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Broadcasts To Russia

Volume 465: debated on Wednesday 1 June 1949

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asked the Postmaster-General how many wavebands normally allotted to amateur broadcasting stations have been transferred by him to the British Broadcasting Corporation for the purpose of supplementing Russian language and "Voice of America" transmissions.

In view of the widespread assertions that a great number of these wavelengths have been taken, will my hon. Friend bear in mind that, if it is necessary to take amateur wavelengths for this political warfare, the amateur users should be consulted before they are taken?


asked the Secretary of State for Foreign Affairs on what date he first became aware that the "Voice of America" and the British Broadcasting Corporation programmes to the Soviet Union were subjected to deliberate jamming.

Sporadic attempts have been made for many months past to jam the "Voice of America" programmes. Large scale jamming of both the "Voice of America" and the British Broadcasting Corporation programmes began on 25th April of this year, and was immediately reported by His Majesty's Ambassador at Moscow.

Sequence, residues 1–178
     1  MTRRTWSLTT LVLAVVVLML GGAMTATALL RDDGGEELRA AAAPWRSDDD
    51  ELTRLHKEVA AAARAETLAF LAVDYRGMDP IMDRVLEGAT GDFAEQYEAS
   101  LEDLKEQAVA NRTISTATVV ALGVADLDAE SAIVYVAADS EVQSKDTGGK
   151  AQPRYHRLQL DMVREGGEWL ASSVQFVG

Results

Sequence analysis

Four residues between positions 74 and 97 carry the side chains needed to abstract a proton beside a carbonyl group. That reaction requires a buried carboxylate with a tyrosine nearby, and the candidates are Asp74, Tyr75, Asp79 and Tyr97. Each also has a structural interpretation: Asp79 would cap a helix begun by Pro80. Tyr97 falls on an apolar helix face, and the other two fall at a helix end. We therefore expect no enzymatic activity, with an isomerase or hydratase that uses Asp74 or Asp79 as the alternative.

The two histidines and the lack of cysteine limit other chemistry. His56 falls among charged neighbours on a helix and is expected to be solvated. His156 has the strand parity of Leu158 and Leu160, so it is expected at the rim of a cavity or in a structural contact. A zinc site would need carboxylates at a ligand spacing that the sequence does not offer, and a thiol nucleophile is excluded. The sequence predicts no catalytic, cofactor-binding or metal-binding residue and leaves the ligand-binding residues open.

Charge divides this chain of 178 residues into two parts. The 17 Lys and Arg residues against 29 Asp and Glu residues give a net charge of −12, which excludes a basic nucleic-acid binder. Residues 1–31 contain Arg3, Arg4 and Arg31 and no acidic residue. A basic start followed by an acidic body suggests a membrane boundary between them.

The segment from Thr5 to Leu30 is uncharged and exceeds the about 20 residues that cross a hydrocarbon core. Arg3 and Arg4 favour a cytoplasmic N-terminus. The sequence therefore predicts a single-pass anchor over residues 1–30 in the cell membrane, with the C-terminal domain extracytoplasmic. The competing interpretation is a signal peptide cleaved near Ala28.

Will the hon. Gentleman assure the House that he will not relax his attempts to put the British view across to the Russian people?

We shall, of course, do everything we can in that direction. At the same time, we are meeting with great difficulties at the present moment in connection with the question of broadcasting to Russia.

Can my hon. Friend say whether the date he mentioned preceded or followed the recent instruction under which our broadcasters were told that they must no longer be objective, but must remember that they were pursuing a "cold war"?

Has the Minister noted with satisfaction the extent to which the truth hurts the Communists?

Will my hon. Friend say how he knows that no such instructions were given? Is he now accepting responsibility for the direction of policy in connection with broadcasts to Central Europe and the Soviet Union? May I have an answer to that question?

My hon. Friend is well aware of the constitutional relationship that exists between the Foreign Office, on the one hand, and the B.B.C., on the other. No person in his senses supposes that the B.B.C. has issued any such instructions.

On a point of Order. I have made that statement, Mr. Speaker, and may I ask you whether my hon. Friend is entitled——

The hon. Member started by saying that he had made a statement. To obtain information, one asks questions and does not make statements.

I am asking you, Mr. Speaker, as a matter of Order, whether my hon. Friend is entitled to suggest to the House that I am out of my senses? It seems to me to be a very rude thing to say.